Nicole Seahorn Hameen’s connection to Philadelphia’s parks began with a walk.
Nicole has lived in Philadelphia for more than three decades, but she had never visited FDR Park until 2017 when it was chosen as one of three pilot sites for We Walk PHL, a program in partnership with Fairmount Park Conservancy, the Philadelphia Department of Public Health, and Philadelphia Parks and Recreation.
“I’ve driven up and down Broad Street for years and I had no idea FDR was there,” says Nicole, remembering her first visit as a participant in the We Walk program. “I got off the train and went into the park and I was all smiles.”
Nicole calls FDR her “spark park,” because that visit changed her life. A few weeks later, she volunteered to become a We Walk group leader. A few months later, she joined the We Walk admin team part-time as the Program Coordinator. In January 2021 she joined the Fairmount Park Conservancy’s team as the Community Program Coordinator, now the Education and Engagement Specialist.
“This program empowered me to want to know more about Philadelphia,” she says.
Now entering its sixth year, We Walk has grown from three parks to 18. Each location has trained group leaders, usually from surrounding neighborhoods, who make participants feel welcomed and involved. Philadelphians of all ages and abilities have taken advantage of the free program since its launch. Last year, the program had over 5,100 participants, and the We Walk PHL Facebook group has over 2,800 members.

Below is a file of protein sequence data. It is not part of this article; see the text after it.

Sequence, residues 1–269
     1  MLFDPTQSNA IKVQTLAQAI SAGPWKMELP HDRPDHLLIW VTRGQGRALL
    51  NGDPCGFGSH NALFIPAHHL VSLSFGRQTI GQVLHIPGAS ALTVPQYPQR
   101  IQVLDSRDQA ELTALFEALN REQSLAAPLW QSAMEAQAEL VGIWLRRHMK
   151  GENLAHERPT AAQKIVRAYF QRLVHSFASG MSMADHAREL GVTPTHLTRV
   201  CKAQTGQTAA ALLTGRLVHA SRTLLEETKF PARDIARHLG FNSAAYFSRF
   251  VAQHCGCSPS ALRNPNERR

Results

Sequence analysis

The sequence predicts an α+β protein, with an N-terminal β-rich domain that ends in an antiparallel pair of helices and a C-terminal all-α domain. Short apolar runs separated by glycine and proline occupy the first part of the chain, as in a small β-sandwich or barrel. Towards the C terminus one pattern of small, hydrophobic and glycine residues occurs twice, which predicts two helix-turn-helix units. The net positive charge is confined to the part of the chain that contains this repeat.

“You see the spark happen when I introduce (participants) to the program,” she says. “Walking connects people with their neighbors and their neighborhoods. This program is so empowering, so enriching.”
We Walk PHL has also been life-changing. Some participants say the program has helped them lose significant amounts of weight, transforming their formerly sedentary lifestyles. Others say We Walk has re-introduced them to the natural world, imparting a sense of calm and healing. All of them say the relationships forged on these weekly walks have enriched their lives.
“We’re building communities outside of our homes, communities of people who would not have normally intersected at all,” Nicole says. “When I introduce people to the program, I tell them that whether they (walk) with me or someone else, they’re going to find their tribe. They’re going to find their people.”
Some walk leaders will narrate strolls, pointing out certain trees or flowers. Others will share bits of history. On Nicole’s inaugural walk in FDR Park, the leaders “really engaged us by telling stories about the park and the neighborhood. I was able to really be in the park, to see the park and to walk the park, not just traveling through it but intentionally going into the space,” she remembers.
Still, most Walk Leaders simply act as shepherds and, as shepherds do, they tend to their flocks. One walk leader says she loves that she can see every trail in her park without interference so she can keep an eye on those who may struggle. No one walks alone, unless they absolutely want to.
One We Walk priority is reintroducing BiPOC with the land that many of their ancestors once tended, forcibly or by choice. The positives from those relationships go beyond the health of individuals, having a healing effect on entire communities. In effect, We Walk invites long-neglected people to give themselves much needed self-care.
“The program taps into an individual’s potential,” Nicole says. “Feeling connected in a broader sense is what this program breeds for me and for many others.”
Click here to learn more about the We Walk PHL program.
We Walk PHL is funded in part by the Pa. Department of Health’s Preventive Health and Health Services Block Grant.